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Securitisation as a Political Strategy: Creating Insecurity, suppressing Dissent

Event Date: 11 July 2012
Garden Court Chambers
57 – 60 Lincoln Inn’s Fields
London WC2A 3

The Campaign against Criminalising Communities (CAMPACC) in association with the Haldane Society of Socialist Lawyers, European Association of Lawyers for Democracy & World Human Rights (EDLH), the Newham Monitoring Project (NMP), the Network for Police Monitoring (Netpol), G4S Campaign and CagePrisoners  present:

Securitisation as a Political Strategy: Creating Insecurity, suppressing Dissent

‘Security Measures’ are becoming all-pervasive, supposedly to protect us from severe threats. In practice, such measures turn us into suspects – subjected to preventative measures such as state surveillance, restrictions on movement, extra-judicial powers, secret evidence and even punishment without trial. ‘Terrorism’ , ‘extremism’ and ‘ suspicious behavior’ are defined so broadly and vaguely as to entrap potentially anyone. Some measures target specific groups; for example, anti-terror powers target migrant diaspora and Muslim communities, as well as (increasingly) political activists. Organised as mass-media spectacles, anti-terror raids label individuals and entire groups as terror suspects. For the past decade, secret evidence has been systematically used to label and detain foreigners as ‘terror suspects’; more recently, secret evidence has been extended to other procedures, likewise in the name of national security. Curfews and dispersal orders target youth, labeling normal social activities as dangerous.

Israel’s occupation of Palestine has served as a laboratory for many surveillance and control techniques designed for global export. These are being adapted for ‘security measures’ at airports and mega-events such as the Olympics. In the run-up to the London Olympics, military equipment is being deployed to build public fear, justifying a quasi-military occupation on behalf of multinational companies. Israeli checkpoints have been spreading: when Palestinian activists planned protests against Israel’s Habima Treatre performance in London in May, the Shakespeare Globe Theatre installed airport-style detectors to screen all ticket holders, as well as employing private ‘security guards’.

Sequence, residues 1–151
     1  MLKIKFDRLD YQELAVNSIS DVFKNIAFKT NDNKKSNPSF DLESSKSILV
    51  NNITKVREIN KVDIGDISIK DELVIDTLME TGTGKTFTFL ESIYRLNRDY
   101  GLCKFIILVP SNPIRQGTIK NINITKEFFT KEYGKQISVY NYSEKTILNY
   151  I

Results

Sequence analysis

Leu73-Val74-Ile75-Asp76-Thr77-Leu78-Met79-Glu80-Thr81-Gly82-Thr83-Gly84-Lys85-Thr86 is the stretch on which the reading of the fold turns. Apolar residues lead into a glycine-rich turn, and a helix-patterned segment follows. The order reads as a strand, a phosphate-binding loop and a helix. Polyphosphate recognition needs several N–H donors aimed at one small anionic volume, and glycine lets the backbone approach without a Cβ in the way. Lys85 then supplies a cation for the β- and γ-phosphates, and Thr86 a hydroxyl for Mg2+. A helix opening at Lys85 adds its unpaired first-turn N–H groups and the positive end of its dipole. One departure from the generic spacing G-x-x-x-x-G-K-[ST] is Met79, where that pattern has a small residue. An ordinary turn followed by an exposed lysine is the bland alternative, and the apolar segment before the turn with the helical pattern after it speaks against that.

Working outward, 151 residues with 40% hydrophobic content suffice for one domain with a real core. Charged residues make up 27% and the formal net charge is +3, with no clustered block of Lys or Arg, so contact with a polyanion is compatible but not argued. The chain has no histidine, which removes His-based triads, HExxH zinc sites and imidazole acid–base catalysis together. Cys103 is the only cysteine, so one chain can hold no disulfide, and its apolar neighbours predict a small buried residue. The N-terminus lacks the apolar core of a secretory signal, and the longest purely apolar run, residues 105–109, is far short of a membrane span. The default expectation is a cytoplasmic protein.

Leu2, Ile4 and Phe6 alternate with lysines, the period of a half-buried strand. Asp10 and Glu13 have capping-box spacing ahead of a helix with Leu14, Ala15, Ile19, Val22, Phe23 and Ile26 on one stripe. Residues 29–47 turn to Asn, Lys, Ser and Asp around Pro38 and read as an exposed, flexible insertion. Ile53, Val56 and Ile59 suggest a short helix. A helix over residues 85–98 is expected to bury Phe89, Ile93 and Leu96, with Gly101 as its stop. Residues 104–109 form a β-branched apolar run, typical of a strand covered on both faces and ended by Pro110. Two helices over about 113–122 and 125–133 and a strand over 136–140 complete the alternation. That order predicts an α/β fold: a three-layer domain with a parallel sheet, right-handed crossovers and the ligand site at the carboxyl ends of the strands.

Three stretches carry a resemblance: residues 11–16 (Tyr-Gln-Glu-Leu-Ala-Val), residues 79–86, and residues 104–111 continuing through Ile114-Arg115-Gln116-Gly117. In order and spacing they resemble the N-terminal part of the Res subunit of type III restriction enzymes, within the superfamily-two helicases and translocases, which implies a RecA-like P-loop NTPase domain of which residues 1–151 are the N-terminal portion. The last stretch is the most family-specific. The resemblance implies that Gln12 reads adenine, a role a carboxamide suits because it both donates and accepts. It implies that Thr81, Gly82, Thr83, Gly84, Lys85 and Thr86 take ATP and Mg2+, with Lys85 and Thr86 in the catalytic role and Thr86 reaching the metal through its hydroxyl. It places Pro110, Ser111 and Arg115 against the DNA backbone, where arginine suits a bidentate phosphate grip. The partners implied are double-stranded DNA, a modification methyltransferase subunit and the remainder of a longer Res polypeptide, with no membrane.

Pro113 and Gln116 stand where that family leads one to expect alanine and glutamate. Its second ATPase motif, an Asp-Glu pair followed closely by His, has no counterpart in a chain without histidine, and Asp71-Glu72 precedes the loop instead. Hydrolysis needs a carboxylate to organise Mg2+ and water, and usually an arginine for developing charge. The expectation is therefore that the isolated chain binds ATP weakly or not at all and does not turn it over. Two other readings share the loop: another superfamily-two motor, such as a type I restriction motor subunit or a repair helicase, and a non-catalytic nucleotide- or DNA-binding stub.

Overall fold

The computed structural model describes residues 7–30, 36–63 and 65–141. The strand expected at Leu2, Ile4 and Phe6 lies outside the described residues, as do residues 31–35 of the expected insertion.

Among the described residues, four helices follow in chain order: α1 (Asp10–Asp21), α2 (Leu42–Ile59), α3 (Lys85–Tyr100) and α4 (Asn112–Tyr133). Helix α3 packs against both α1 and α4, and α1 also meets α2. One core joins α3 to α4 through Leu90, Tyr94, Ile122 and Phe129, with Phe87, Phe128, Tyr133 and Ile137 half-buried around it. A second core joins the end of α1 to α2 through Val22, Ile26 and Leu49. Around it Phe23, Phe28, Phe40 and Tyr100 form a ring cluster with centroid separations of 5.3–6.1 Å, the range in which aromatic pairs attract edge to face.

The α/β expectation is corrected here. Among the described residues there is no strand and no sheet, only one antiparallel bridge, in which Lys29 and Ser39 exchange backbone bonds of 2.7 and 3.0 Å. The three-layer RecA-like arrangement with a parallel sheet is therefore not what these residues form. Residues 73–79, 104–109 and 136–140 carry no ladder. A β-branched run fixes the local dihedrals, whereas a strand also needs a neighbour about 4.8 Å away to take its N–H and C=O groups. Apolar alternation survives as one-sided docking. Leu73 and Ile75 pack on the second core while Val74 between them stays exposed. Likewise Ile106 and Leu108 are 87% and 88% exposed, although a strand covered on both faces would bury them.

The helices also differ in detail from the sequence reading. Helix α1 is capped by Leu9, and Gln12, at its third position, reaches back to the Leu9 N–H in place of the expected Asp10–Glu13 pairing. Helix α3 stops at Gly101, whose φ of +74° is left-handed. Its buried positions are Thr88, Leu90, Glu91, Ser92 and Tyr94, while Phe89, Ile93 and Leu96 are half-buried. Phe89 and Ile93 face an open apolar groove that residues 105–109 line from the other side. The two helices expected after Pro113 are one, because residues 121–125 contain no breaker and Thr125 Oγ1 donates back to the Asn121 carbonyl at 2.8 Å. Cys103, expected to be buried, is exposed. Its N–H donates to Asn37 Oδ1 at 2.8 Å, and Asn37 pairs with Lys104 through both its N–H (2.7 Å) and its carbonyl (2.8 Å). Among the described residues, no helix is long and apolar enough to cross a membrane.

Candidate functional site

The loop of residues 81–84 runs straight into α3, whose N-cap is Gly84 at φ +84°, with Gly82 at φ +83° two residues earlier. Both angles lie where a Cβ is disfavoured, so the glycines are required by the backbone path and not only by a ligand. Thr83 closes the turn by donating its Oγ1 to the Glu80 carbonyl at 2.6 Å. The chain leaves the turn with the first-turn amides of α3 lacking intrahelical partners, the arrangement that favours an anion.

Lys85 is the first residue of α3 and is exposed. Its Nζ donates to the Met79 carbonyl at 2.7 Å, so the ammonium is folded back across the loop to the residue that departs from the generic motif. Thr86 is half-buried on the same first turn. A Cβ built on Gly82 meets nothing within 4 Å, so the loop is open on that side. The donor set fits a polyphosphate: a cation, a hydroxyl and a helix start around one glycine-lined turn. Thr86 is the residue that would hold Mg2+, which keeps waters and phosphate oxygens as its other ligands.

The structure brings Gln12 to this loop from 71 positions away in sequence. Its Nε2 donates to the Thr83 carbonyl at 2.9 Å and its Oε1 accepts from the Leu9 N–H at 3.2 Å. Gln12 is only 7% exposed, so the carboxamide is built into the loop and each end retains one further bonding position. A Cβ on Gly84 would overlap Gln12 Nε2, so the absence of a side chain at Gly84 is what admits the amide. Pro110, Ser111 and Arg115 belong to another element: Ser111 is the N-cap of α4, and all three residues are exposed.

The British-Danish company G4S has been quickly growing and gaining state-like powers in this country. It has been long involved in the Israeli occupation, e.g. by supplying equipment to Israeli prisons and ‘security services’ to businesses in illegal Israeli settlement. G4S has been designated as the ‘official provider of security and cash services for the Olympics’.

In all these ways, securitisation is a political strategy for spreading fear and insecurity, while also suppressing dissent against neoliberal policies and war. It attempts to discipline us all through fear that our behavior will be treated as ‘extreme’ or ‘suspicious’. Societal conflicts are increasingly defined as ‘security problems’ warranting special measures – which thereby become normal. All these measures encourage suspicion towards each other, discouraging solidarity.

We will ask the following questions: How is insecurity being defined and even created by the state? Who threatens whose security? What has been driving securitisation? How can this be undermined through solidarity among the groups being targeted?

Welcome by Saleh Mamon (CAMPACC) .
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Les Levidow (The Campaign against Criminalising Communities (CAMPACC))

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Professor Bill Bowring ( European Association of Lawyers for Democracy & World Human Rights (EDLH))

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Estelle du Boulay ( Newham Monitoring Project (NMP))

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Diana Neslen (G4S Campaign)

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Shiar Youssef (Corporate Watch)

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Val Swain ( Network for Police Monitoring (Netpol))

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Aviva Stahl ( CagePrisoners)

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Dr Sutha Nadarajah (SOAS)

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Kat Craig ( Haldane Society of Socialist Lawyers and co-author of  ‘The Protest Handbook’)

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